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Platform lands OCS cluster deal with HP

Dell, Red Hat already bundling

HP ProLiant Gen8: Integrated lifecycle automation

Grid-computing specialist Platform Computing has notched another distributor for its software, with HP working with Platform to integrate a software bundle with HP's ProLiant rack servers, BladeSystem blade servers, and their respective System Insight Manager management tools.

The HP-Platform bundle is called Platform HPC for Insight Control Environment for Linux - Platform HPC for ICE-LX for short.

Version 1.0 of the stack, which you can read about here, includes the open-source implementation of Platform's flagship Load Sharing Facility (LSF) grid-management software known as Lava and based on a simpler and earlier set of LSF code.

This Lava code is at the heart of Platform's Open Cluster Stack, which was developed under the open-source Kusu project. OCS also includes the Nagios system-monitoring tool, Cacti node and cluster monitoring tool, Ganglia workload monitor for the cluster nodes, and other software that's needed to run a supercomputer cluster based on the Linux operating system and x64 iron.

In October 2008, commercial Linux distributor Red Hat announced its own RHEL 5-OCS combo called the Red Hat HPC Solution. A few weeks later, Platform and Dell hooked up to put the OCS 5 stack on PowerEdge servers and integrate it tightly with OpenManage software. (Dell and Platform have been peddling an earlier OCS stack, based on the open-source Rocks cluster-management tool, since the summer of 2006.)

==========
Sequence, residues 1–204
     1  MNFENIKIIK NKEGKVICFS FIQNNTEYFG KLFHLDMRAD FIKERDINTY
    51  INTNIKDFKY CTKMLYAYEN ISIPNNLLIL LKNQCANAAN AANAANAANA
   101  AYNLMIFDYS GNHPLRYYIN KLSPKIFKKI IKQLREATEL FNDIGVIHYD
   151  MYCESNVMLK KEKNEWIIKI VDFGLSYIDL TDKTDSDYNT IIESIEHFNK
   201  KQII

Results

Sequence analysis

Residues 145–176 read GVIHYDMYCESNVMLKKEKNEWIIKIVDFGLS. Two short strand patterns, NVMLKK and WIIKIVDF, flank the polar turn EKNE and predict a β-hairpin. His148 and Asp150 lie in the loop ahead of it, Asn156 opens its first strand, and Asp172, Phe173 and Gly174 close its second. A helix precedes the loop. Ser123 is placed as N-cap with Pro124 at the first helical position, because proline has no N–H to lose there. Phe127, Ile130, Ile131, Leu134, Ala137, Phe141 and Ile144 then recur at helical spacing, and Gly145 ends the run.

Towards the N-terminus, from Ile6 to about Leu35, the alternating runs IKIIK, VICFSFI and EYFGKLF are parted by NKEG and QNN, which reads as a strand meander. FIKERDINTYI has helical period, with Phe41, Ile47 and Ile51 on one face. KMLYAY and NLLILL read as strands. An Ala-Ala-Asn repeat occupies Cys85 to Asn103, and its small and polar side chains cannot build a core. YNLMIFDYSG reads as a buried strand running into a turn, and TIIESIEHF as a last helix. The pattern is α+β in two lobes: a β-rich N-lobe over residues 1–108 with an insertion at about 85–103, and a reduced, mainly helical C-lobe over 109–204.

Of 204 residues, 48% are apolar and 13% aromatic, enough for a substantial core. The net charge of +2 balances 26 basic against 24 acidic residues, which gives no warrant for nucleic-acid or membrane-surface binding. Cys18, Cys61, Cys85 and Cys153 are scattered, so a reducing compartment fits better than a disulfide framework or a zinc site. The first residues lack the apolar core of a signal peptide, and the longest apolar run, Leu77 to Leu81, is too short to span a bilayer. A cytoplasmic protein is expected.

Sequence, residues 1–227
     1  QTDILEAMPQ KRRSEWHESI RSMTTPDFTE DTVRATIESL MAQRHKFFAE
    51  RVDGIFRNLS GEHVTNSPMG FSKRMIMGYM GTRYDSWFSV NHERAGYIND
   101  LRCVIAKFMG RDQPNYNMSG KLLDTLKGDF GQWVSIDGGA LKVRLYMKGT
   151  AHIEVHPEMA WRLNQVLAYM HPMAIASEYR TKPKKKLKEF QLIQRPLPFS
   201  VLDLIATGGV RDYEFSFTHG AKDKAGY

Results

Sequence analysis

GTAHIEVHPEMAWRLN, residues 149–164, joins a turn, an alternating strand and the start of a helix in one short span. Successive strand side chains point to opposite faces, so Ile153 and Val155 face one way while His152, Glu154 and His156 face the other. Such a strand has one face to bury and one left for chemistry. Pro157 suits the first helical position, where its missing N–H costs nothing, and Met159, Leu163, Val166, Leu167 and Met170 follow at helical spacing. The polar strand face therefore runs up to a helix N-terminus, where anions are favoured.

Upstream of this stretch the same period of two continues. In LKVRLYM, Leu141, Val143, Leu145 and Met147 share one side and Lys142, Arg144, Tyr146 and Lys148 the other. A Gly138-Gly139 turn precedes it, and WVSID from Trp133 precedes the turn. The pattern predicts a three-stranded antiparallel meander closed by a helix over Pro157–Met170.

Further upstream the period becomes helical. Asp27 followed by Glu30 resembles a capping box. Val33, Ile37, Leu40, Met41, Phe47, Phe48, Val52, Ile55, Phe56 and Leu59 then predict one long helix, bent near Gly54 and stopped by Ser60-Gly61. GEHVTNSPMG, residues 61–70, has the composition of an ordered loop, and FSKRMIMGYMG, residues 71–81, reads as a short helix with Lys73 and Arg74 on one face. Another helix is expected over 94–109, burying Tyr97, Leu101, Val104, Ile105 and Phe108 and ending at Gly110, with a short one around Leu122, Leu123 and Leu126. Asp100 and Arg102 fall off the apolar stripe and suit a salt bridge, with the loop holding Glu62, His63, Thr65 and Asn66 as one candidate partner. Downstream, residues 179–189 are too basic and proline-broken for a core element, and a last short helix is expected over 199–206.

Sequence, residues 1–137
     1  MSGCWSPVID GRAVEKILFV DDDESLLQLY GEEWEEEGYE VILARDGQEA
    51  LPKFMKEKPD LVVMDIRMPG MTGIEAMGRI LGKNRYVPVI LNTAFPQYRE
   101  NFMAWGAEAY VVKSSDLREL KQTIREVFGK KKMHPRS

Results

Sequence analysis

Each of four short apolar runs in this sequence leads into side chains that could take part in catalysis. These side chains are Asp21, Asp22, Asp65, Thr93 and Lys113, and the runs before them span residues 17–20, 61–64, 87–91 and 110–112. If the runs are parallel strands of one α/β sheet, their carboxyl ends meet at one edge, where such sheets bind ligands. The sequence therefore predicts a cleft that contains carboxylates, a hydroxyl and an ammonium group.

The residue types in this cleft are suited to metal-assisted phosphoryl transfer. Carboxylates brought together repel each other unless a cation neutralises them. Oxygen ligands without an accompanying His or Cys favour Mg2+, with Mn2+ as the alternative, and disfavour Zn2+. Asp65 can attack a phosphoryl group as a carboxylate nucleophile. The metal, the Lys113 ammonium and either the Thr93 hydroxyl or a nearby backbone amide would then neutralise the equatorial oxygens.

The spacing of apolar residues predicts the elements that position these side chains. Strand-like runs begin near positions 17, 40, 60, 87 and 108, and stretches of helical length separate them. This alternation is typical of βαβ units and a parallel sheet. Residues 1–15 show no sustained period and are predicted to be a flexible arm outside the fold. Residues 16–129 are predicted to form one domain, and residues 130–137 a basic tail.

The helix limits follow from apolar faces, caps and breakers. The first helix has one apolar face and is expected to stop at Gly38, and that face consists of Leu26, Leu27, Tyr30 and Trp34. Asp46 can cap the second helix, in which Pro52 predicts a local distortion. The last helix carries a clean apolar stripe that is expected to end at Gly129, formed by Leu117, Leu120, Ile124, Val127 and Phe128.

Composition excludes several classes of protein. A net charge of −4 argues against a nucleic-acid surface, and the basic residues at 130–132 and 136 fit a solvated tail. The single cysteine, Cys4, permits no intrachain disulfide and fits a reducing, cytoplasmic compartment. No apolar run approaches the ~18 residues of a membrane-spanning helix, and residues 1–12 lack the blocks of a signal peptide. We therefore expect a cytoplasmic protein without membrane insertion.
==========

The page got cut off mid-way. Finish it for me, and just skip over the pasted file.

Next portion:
The Platform HPC ICE-LX is certified to run on clusters assembled from HP's ProLiant and BladeCenter iron, and supports Red Hat's Enterprise Linux 5. It will also support Novell's SUSE Linux Enterprise Server 10 within the next 90 days, according to Tripp Purvis, vice president of business development at Platform.

The HP bundle of the OCS software costs $180 per server node with a one-year license, and $240 for a three-year license. Not that anyone will buy it as a standalone product. The whole point of the HP and Dell deals is that companies want to buy a turnkey cluster that comes prebuilt, ready to load applications upon.

Dell is charging $150 per server node for its riff on OCS combined with its server-management tools. Red Hat is charging $249 per server node for its HPC Solution for a one-year support contract, and that includes Linux support as well as OCS support.

It's no surprise that the Red Hat bundle turns out to be cheapest, but the integration with the server management tools is not the same, either. Choose carefully. ®

Reducing security risks from open source software

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